Improving LaTeX for the user

I’ve been discussing some points about the future of (La)TeX with various people, and some key issues come to mind. Most LaTeX users do not want to meddle with the internal parts of LaTeX or TeX. In an ideal world, I suspect most users would like to need little beyond the correct document class to get things “just right” in their layout. Perhaps a few simple settings, but really little more than that.

With the correct packages and class loaded, you can do many things in LaTeX. However, you really shouldn’t need to load specific support for hyperlinks, T1 encoding, basic font changing, creating new float types and so on in 2009 (let alone 2010, 2011, etc.). The efforts of the LaTeX3 team have to date focussed on programming and to a lesser extent document design. How things will work at the user level is much less clear.

I’d suggest that a real focus on getting something for users would be the best way forward. This might mean less improvement internally, but I’d think that a LaTeX kernel which could do everything in The LaTeX Companion would be pretty successful, even with few changes “under the hood”. This would mainly be a re-coding excercise from existing packages, which in a way is similar to what I’ve tried to do with siunitx. Much of the basics in siunitx are taken from other packages (at least in terms of user interface), but it brings several ideas together in one place. The same idea could easily be applied to the kernel. Of course, this might leave some of the clever ideas for LaTeX3 out of the code at this stage, but I’d hope would get momentum behind a more regularly updated system.

One particular area to think about is fonts. With both XeTeX and LuaTeX able to handle system fonts directly, the basic LaTeX system seems very antiquated. At present, LaTeX3 only requires e-TeX, not LuaTeX (in contrast to ConTeXt Mark IV). Should the LaTeX team say something like:

For current testing purposes, only the e-TeX extensions are needed, but this is likely to change. XeTeX or LuaTeX will be required to run the release version of LaTeX3 with full functionality.

I’d say yes, as I think that it’s time to move on from complex font installation and usage restrictions. I’d also be very tempted to say that LaTeX3 will assume UTF-8 input unless otherwise specified (as both XeTeX and LuaTeX are native UTF-8 systems).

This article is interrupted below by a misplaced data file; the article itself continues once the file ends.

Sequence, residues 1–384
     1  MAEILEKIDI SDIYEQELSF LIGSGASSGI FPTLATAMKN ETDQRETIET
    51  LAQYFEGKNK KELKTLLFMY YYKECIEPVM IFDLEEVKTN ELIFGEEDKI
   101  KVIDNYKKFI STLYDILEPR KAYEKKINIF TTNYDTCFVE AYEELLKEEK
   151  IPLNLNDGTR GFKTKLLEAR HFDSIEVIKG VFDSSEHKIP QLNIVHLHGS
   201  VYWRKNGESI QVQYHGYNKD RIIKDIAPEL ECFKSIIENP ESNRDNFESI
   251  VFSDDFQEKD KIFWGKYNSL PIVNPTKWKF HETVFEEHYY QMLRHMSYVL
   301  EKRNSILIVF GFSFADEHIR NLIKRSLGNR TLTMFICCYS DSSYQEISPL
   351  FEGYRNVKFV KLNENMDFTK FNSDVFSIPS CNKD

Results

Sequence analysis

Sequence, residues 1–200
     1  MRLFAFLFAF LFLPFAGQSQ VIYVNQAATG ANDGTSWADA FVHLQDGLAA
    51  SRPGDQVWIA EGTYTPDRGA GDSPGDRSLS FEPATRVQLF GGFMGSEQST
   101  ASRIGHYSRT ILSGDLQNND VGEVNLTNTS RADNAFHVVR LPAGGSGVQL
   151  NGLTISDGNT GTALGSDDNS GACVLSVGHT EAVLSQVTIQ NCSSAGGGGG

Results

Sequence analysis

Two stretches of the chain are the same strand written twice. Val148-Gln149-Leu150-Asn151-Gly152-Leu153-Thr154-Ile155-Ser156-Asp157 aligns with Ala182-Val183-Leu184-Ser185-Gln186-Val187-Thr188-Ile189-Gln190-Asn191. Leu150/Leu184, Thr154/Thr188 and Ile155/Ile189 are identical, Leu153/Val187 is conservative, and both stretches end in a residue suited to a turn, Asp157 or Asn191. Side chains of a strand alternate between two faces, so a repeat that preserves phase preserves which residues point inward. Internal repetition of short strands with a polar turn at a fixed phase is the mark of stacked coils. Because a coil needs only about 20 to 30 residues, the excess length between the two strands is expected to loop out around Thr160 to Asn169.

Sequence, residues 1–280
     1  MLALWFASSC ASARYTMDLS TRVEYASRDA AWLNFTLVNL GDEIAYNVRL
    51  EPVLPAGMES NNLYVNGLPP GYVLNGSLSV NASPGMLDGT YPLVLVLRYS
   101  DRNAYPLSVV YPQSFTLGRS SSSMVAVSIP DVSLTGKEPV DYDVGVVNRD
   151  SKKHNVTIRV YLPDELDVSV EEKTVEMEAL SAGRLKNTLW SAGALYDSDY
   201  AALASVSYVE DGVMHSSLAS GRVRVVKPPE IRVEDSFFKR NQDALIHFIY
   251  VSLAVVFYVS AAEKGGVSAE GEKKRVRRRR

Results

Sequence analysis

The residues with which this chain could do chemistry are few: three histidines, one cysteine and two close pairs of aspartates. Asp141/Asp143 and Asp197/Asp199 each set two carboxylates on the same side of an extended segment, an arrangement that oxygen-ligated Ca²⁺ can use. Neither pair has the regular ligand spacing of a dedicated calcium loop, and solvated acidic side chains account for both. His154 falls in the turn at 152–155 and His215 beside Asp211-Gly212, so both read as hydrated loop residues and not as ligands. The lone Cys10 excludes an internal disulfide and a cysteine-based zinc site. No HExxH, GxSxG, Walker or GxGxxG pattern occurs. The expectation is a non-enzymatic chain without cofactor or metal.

This type of approach will make LaTeX easier to use, and I’d hope to see it arrive! After all, users are the TeX community.

9 thoughts on “Improving LaTeX for the user

  1. I most definitely support this approach. Over and over, I’m astonished how many people still don’t use UTF8, although there’s simply no reason not to use it (ok, there still are editors which don’t support UTF8 – something I don’t understand either).

    While the idea that you “just have to load the proper class” is intriguing, I doubt that it’s actually feasible. The basic classes could definitely be improved, but there will always be the need for more detailled tuning. Just have to take a look at the 300+ pages of the koma-script manual …

    That said, there are certainly many things which could be easily integrated into the kernel which make life easier for everybody; the user shouldn’t need to worry about encodings and font iusses, let something like fontspec deal with those things. The same for color and pdf-related features, and while we’re at it include biblatex (and csquotes) into the kernel.

    As for the question whether LaTeX3 should use XeTeX and LaTeX: If LateX3 ever sees the light, it would be a big joke if it wouldn’t take advantage of those two engines. Why rely on an ancient foundation when you want to take LaTeX to the next level? There’s simply no sensible reason not take advantage of XeTeX and LuaTeX.


    • When I said about “just loading a class”, I was not necessarily thinking about the core classes (although these should be improved and there should I think be more of them). I was thinking more that even if there is a dedicated class for what you want to do, there is still too much need to load additional packages. Of course, part of that is down to whoever writes the class, but I’d hope the situation can be improved if not completely sorted. Part of this depends on what exactly packages are loaded for: if you want some specialist functions there will always be a need to load extra stuff. As you say, I’d also favour including things like biblatex, csquotes, etc. (at the user level, with whatever internal changes actually happen). Let me rephrase as “most users should not need to load support packages to alter formatting or carry out common tasks, although there will always be specialist packages for particular areas and effects”.

      KOMA was something I had in mind for a model on what the kernel needs to do. I’d imagine duplicating the functionality, but not necessarily the interface. I forgot to say in the post that there would need to be quite a lot of interface work, even if you simply adopt many of the current CTAN packages and add code to the kernel. There needs to be a consistent interface to the functions, and at the moment that is lacking between different packages.

      I agree entirely on engine requirements. At present, LuaTeX is probably not quite ready for the mainstream (for example, it’s not available in MiKTeX), but it will be well before LaTeX3 can possibly be finished. So I’d hope that the user parts of LaTeX3 can be built on that basis (most obviously fonts, but other areas as well). One thing that I’m keen on is using Lua for floating point work. I’d like to see a low-level floating point module in LaTeX3, written (at present) using strings if necessary and Lua if available. This will allow higher level modules to use Lua without needing to know about it.